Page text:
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U.S. journalist exploring Islamic extremism shot to death in Basra

BAGHDAD, Iraq—An American journalist who'd been examining the rise of Islamic extremism in southern Iraq was found shot to death in the port city of Basra, U.S. and Iraqi officials said Wednesday. Steven Vincent, a freelance reporter from New York, was shot several times and his body, bound by plastic ties, was dumped on a downtown street after midnight, Basra police Lt. Asaad Jassib said.

It was unclear whether the killing was directly connected to Vincent's work, which was highly critical of the increasing Islamic influence in Basra.

Vincent's Iraqi translator, Nouriya Sayhoud al-Khal, was seized with him and was shot at least twice in the chest and leg, al-Khal's sister said in a phone interview. Al-Khal was transferred to a Baghdad hospital, where she was listed in serious condition.

Masked gunmen in an Iraqi police vehicle abducted Vincent and al-Khal as they left a money exchange kiosk at 6 p.m. Tuesday, Basra authorities said. Vincent was the first American reporter to be killed in such an attack since the U.S.-led war began in 2003, though several Americans have died in other circumstances. At least 65 Iraqi and foreign news workers have been killed in Iraq, according to the New York-based Committee to Protect Journalists.

The attack, which followed a roadside bombing last week that killed two British security contractors, has shattered Basra's image as a haven from the insurgent violence that disrupts life in many other areas of Iraq. The British-controlled Basra long has been considered one of the most stable of Iraq's 18 provinces, though residents now are struggling with the spread of religious extremism, the resurgence of Shiite Muslim militias and rampant smuggling along the Shatt-al-Arab waterway.

Last week, Vincent published an opinion piece in The New York Times in which he quoted others accusing Shiite police officers in Basra of revenge killings of members of Saddam Hussein's former Baath Party, which brutally oppressed Shiites for decades. Vincent also criticized the British military for allowing Islamists to control the city. He told other reporters in Basra that he was too frightened to name any of the Islamic militias—such as that of radical cleric Muqtada al-Sadr—in his reports.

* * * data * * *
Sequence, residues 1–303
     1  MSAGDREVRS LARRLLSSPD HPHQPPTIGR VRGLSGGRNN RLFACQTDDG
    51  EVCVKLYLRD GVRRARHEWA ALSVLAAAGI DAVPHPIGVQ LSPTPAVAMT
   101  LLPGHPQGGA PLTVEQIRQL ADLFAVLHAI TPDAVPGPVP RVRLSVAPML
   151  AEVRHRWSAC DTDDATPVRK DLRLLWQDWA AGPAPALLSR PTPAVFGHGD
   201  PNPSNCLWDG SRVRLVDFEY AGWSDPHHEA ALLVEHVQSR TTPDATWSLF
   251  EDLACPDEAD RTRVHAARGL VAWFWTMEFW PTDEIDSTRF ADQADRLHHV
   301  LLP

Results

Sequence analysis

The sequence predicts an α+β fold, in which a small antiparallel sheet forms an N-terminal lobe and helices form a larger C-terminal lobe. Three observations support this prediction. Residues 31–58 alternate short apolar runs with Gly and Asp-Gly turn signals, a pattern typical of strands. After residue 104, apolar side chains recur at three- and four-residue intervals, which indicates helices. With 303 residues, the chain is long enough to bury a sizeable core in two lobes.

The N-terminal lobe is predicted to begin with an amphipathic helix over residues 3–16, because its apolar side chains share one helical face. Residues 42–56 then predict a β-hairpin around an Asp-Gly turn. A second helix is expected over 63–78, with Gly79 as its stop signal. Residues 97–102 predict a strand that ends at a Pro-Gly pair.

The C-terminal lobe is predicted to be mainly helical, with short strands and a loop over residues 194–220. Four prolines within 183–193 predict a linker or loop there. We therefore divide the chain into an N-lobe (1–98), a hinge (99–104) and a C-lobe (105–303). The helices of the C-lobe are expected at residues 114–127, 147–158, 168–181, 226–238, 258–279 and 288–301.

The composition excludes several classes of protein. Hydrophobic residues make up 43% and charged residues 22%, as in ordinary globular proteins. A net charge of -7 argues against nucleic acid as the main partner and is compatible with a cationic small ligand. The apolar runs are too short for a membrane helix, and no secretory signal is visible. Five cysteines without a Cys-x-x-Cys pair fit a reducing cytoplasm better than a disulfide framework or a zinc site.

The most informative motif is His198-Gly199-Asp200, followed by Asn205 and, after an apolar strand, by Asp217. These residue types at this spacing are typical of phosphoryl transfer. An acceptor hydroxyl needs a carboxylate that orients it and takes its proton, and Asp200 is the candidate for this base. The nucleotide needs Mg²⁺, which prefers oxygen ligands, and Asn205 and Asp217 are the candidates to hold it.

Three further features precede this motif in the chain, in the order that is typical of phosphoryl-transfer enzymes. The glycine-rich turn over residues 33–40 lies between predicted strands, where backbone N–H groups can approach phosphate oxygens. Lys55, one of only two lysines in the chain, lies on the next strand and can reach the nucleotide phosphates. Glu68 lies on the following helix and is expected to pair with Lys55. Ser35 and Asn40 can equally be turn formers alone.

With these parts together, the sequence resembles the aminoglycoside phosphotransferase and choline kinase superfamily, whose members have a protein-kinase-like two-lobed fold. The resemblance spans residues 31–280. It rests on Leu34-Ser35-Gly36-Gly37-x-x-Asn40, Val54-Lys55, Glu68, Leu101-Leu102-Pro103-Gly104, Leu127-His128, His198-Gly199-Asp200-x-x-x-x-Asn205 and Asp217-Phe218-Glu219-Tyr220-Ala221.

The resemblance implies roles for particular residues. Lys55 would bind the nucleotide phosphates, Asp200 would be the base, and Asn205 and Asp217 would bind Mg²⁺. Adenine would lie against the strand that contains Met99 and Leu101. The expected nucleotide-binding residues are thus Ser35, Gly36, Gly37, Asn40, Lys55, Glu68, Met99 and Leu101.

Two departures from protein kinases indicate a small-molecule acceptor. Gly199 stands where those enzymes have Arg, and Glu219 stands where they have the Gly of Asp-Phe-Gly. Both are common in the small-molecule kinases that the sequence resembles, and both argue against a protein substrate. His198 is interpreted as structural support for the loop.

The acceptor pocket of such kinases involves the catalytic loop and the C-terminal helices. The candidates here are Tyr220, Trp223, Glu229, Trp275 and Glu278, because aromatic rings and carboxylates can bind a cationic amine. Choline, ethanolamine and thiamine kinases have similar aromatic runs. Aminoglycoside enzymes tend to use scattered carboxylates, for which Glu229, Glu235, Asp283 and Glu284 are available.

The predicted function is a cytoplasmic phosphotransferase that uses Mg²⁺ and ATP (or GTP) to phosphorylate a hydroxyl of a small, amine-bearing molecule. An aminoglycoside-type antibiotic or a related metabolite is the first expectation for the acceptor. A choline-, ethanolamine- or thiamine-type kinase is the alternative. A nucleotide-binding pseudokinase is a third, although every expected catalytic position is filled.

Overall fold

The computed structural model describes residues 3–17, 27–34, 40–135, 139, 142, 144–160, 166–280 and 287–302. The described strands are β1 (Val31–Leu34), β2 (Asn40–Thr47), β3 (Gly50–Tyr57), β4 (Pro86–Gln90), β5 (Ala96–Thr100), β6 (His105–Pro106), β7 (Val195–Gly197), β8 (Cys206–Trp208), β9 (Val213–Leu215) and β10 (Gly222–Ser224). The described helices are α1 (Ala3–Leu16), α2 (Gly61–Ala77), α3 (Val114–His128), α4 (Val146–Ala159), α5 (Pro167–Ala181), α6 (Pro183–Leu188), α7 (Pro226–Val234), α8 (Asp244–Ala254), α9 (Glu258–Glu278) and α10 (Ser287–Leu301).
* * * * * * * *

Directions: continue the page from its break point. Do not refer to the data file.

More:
Kinaan al-Musawi, a spokesman at al-Sadr's office in Basra, said the cleric's Mahdi Army militia played no role in Vincent's slaying. He said al-Sadr had made it clear to his followers that journalists weren't to be considered targets, even if they wrote critically of his movement.

"The responsible parties for this killing are, directly, the Salafist (radical jihadist) movement and, indirectly, the occupying U.S. forces and the weak Iraqi government, which has failed to provide security to any city in Iraq," al-Musawi said. "Even if that journalist wrote a negative article about us, we are not angry because we have confidence in our movement, plus supporters all over the world."

Vincent told other reporters visiting Basra that he'd lived in the city for two months and was writing a book about local history. Unlike most Western correspondents in Iraq, Vincent traveled without bodyguards, and he and his translator frequently took taxis to interviews. During dinner conversations with other foreign journalists at the Merbid Hotel, where he lived, he was outspoken in his views that the conservative Islam that was sweeping through southern Iraq curtailed the rights of women.

Mehdi Abdul Karim, a Mirbed Hotel receptionist who'd befriended Vincent, said, "All he wanted to do was write a book." The Iraqi said he was impressed by the journalist's trips to visit local tribes and explore the famous southern marshes. Karim described Vincent as well liked and willing to make calls to humanitarian groups to help Iraqi families he'd gotten to know.

But the opinion piece last week, Karim said, imperiled the reporter.

"He wrote an article about radicalism in Basra and how security has been left in the hands of the militias," Karim said. "This led to his death. He paid with his life for that article."


(c) 2005, Knight Ridder/Tribune Information Services.